Tips To Manage Your Employees Remotely (Without Turning Into A Stalker)
COVID-19 has quickly gone from strange fever dream to a full-blown nightmare for businesses. And you, as a manager, are responsible for keeping your team sane during such a weird time.
While remote work was a new and somewhat jarring jump for businesses, it’s actually a smart move for employers.
(Aside from the whole, y’know, “keeping people safe from a pandemic” thing.)
- Remote companies have a 25% lower turnover rate.
- 76% of workers would stay at their current job if they had more flexible hours.
- Remote workers are 24% more likely to be happy and productive.
- 86% of employees think remote work reduces their stress.
Oh, and telecommuting saved employers $44 billion in 2015.
If you made the leap to remote work out of necessity, congratulations. You’ll reap the benefits of remote work while keeping your employees safe.
3 tips for managing remote employees
But if remote work is so peachy keen for employees, why do managers dread it?
Well, it’s hard to manage remote workers.
Traditional management styles just don’t prepare you for something like this. After all, digital communication is so much harder—you have to overcommunicate in your Slack chats just so Nancy in accounting doesn’t think you hate her.
But like it or not, it’s your job. If you want to learn how to manage remote employees. Follow these 3 tips to empower your team to do their jobs well.
1. Stop stalking your employees
Please, please don’t become one of those weirdos who installs tracking software on employee laptops. It’s creepy as heck and a definite red flag that you don’t know how to manage remote employees.
Screen recorders also mean you have zero trust in your employees, and that, unless you’re hovering over their shoulder, you think they’re goofing off.
(The stats say that remote workers are actually more productive than office workers, by the way.)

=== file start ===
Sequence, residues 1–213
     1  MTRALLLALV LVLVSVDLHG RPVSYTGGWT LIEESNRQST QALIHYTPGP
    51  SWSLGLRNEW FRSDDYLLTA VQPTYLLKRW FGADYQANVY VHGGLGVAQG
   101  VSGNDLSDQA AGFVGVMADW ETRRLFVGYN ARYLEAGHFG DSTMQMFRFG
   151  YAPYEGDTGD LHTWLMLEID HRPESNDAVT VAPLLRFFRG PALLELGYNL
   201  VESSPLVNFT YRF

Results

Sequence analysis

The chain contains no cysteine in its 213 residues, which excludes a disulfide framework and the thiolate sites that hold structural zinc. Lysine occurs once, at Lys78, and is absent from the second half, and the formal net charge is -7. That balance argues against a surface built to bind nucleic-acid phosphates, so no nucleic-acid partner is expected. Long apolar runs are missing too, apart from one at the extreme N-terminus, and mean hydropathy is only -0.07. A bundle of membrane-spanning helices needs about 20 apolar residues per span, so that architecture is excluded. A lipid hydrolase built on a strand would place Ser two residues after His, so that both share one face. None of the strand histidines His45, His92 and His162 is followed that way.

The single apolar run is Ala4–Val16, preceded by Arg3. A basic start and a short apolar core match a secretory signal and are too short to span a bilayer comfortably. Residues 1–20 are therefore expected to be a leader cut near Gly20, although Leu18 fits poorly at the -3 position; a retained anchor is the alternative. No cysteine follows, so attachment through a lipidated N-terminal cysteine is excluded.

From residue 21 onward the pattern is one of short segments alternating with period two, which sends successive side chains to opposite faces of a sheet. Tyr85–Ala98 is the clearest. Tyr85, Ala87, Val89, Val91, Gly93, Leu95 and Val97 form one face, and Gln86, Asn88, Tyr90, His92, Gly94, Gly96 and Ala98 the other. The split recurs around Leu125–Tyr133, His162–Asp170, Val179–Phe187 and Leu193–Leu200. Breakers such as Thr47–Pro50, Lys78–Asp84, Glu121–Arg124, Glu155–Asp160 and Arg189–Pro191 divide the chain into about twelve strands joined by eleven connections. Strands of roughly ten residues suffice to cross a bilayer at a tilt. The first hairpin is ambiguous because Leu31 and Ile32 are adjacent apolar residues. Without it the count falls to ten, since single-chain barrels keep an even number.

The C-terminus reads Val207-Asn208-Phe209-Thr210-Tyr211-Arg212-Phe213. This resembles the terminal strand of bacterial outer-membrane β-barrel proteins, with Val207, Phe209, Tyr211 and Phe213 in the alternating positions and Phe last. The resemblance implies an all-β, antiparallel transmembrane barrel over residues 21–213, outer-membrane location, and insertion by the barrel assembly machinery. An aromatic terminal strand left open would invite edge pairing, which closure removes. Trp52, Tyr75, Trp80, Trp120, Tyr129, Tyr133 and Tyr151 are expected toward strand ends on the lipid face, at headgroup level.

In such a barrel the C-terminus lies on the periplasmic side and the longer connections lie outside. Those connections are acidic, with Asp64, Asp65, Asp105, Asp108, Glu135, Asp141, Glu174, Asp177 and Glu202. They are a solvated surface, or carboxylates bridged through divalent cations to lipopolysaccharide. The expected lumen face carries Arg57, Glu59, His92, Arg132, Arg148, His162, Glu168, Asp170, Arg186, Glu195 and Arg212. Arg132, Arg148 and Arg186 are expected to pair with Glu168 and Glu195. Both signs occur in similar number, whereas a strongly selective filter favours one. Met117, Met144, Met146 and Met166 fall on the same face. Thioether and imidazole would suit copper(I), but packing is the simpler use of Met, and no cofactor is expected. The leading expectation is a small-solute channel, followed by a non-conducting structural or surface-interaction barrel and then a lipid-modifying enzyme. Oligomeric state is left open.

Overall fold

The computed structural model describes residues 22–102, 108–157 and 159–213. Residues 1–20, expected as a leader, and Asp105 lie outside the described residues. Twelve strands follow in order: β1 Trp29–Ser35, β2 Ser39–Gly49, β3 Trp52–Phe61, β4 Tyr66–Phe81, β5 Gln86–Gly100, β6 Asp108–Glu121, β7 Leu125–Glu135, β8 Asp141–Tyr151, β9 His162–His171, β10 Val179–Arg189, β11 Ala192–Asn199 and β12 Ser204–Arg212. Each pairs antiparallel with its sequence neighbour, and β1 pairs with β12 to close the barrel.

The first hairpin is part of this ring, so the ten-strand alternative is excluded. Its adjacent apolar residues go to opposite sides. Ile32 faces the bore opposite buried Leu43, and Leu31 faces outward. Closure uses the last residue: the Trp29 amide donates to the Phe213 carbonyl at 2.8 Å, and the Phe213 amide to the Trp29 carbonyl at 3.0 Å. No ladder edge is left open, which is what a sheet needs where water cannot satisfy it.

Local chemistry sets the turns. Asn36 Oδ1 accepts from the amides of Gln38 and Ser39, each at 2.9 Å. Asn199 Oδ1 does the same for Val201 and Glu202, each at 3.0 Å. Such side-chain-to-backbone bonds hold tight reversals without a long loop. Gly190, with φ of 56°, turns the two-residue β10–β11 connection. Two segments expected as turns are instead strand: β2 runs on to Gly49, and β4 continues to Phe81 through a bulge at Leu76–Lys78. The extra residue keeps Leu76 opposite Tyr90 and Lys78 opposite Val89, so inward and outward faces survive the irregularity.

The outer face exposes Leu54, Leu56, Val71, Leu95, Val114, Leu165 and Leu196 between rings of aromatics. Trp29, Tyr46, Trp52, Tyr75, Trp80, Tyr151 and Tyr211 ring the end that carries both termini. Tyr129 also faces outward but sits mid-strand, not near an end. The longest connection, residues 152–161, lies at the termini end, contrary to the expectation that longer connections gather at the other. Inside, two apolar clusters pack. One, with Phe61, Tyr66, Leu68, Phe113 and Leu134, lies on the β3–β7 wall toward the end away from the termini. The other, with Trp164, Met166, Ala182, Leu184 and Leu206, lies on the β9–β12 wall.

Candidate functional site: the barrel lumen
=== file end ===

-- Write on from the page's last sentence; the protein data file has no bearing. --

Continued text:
But that doesn’t mean remote work is a free-for-all.
As a manager, you need to focus on KPIs, goals, and output. Time spent in front of the screen doesn’t matter anymore. It’s all about results and output; focus on that instead of the 15 minutes they spent calming their crying kids.
Be a reasonable human.
2. Set norms and expectations
Consider every employee as an awkward intern right now: they’re going to make weird missteps. That’s because your employees learned office norms in person, but the tables turned when they went online. From not muting themselves to angling the camera really weird, your employees are going to do annoying stuff when they go remote.
As a manager, you have to not only write down these expectations, but model them yourself. Norms help your employees feel more sure in their work and they also make it easier for you to manage people.
Oh, and it preemptively prevents weird Zoom behavior, which is always a plus. (How do you politely tell someone you can see they aren’t wearing pants???)
These norms might include:
- Keeping your video feed on during calls.
- Muting yourself if you aren’t talking.
- Sending quick questions over via Slack instead of email.
- Scheduling meetings via Calendly or Doodle instead of email.
- Expected online hours, like 8 am to 5 pm.
Make sure the team is clear on these norms and the reasons behind them. And you’re not immune to these rules, either—if you want employees to follow your lead, follow your own advice.
When it’s time to do performance reviews for remote employees, have empathy. As long as they meet their KPIs and goals, you’re doing great.
Everybody’s doing their best right now, you know? You aren’t going to ace this remote management thing out of the gates.
If you want to continue growing as a manger (and you should), get feedback from your employees. This can be about your management style, remote policies, or new procedures. When you know what isn’t working, you can make solutions that actually do work, helping everybody win.
You’re probably busy, so consider making yourself available during daily office hours. Employees can hop onto the designated chat line or video feed to ask their questions.
And remember, listen. If your employee sounds distraught or frustrated, don’t sweep it under the rug. That’s your chance to ensure they’re satisfied and productive working remotely.
The bottom line
Remote work is a necessity right now, but there’s a good chance your company will do it permanently going forward. It’s been an adjustment for everyone, including managers. Try to lead with empathy, both for your employees and yourself, during these strange times. You’ll make mistakes, but that’s the best way to learn. Now go forth and manage your team to victory. You’ve got this, boss!